Despite all the sensitive tests available to date, the only way to evaluate whether the HIV reservoir has been controlled or cleared is to interrupt antiretroviral therapy (ART).  However, ART interruption must only be performed by patients who have been informed about the risk of therapy interruption and have   signed an informed consent. Furthermore, interruption of ART should be performed in a controlled clinical setting with monitoring over time of a possible viral rebound and the ability for scientifically evaluation.

IciStem is very grateful for all participating patients for assisting in the search for a cure. We understand that the news about patients who discontinued therapy and did not experience a viral a rebound thus far is hope giving. We want to emphasize this has been done after thoroughly testing of the HIV reservoir and with strict monitoring

People living with HIV who have received or will receive an allogeneic transplantation and who are interested to be registered to IciStem, may ask their treating physician to contact the IciStem team.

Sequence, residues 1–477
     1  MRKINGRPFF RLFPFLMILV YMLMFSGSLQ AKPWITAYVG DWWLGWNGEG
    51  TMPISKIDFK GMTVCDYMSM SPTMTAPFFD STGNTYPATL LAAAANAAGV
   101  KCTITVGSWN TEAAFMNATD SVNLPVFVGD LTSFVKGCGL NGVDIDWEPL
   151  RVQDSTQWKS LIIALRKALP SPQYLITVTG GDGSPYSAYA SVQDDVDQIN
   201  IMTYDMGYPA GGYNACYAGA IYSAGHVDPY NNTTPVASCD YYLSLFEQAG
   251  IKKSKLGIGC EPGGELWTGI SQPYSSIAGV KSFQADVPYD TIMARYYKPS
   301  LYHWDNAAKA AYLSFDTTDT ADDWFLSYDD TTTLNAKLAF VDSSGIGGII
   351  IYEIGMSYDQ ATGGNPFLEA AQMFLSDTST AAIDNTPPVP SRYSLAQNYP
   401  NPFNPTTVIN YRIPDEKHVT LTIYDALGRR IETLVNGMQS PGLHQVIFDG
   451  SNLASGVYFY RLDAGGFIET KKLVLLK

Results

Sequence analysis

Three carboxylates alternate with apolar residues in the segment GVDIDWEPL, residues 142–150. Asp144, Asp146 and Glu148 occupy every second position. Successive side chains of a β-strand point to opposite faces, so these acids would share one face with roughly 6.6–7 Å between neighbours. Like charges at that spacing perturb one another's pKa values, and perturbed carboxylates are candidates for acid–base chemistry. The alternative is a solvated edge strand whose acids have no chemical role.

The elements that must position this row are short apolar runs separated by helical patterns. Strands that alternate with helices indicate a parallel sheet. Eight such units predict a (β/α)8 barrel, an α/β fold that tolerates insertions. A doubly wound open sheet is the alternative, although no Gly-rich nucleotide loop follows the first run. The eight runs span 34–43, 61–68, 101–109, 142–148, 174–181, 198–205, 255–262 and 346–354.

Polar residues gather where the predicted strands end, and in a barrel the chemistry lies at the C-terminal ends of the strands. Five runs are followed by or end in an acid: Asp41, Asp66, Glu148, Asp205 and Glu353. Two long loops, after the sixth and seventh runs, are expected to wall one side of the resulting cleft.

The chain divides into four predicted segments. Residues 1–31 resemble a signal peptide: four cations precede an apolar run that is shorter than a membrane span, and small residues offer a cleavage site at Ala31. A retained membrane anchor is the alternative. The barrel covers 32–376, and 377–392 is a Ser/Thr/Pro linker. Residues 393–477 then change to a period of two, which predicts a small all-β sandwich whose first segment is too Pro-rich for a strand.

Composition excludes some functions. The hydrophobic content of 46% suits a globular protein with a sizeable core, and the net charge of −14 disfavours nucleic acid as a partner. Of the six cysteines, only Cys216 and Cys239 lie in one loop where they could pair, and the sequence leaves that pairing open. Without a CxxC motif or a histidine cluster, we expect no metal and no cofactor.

We can imagine that the HIV positive patients who do not have a hematological disease requiring a stem cell transplantation  visiting our website, would like to participate. Unfortunately, stem cell transplantation is an high risk procedure which comes with a high mortality and patients who do not have a hematological disease requiring a transplantation can therefore not be registered. We do hope we can provide knowledge in the nearby future which can translate the results of IciStem to a broader group of people living with HIV.


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Press release "A step closer to HIV cure" - CROI 2019

A step closer to an HIV cure. No rebound of HIV in two patients who stopped taking their HIV medication after stem cell transplantation for a hematological disease